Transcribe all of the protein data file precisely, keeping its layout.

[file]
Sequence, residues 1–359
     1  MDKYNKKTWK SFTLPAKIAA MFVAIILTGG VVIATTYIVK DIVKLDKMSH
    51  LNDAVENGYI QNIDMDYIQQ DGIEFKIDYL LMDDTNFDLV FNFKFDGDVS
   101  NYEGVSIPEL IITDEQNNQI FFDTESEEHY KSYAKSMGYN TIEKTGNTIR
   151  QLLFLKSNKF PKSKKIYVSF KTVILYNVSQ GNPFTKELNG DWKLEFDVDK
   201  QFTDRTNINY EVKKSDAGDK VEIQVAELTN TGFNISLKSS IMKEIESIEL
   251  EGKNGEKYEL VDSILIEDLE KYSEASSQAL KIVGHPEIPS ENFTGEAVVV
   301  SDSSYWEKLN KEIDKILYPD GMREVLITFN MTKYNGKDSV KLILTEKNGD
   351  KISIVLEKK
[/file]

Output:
Sequence, residues 1–359
     1  MDKYNKKTWK SFTLPAKIAA MFVAIILTGG VVIATTYIVK DIVKLDKMSH
    51  LNDAVENGYI QNIDMDYIQQ DGIEFKIDYL LMDDTNFDLV FNFKFDGDVS
   101  NYEGVSIPEL IITDEQNNQI FFDTESEEHY KSYAKSMGYN TIEKTGNTIR
   151  QLLFLKSNKF PKSKKIYVSF KTVILYNVSQ GNPFTKELNG DWKLEFDVDK
   201  QFTDRTNINY EVKKSDAGDK VEIQVAELTN TGFNISLKSS IMKEIESIEL
   251  EGKNGEKYEL VDSILIEDLE KYSEASSQAL KIVGHPEIPS ENFTGEAVVV
   301  SDSSYWEKLN KEIDKILYPD GMREVLITFN MTKYNGKDSV KLILTEKNGD
   351  KISIVLEKK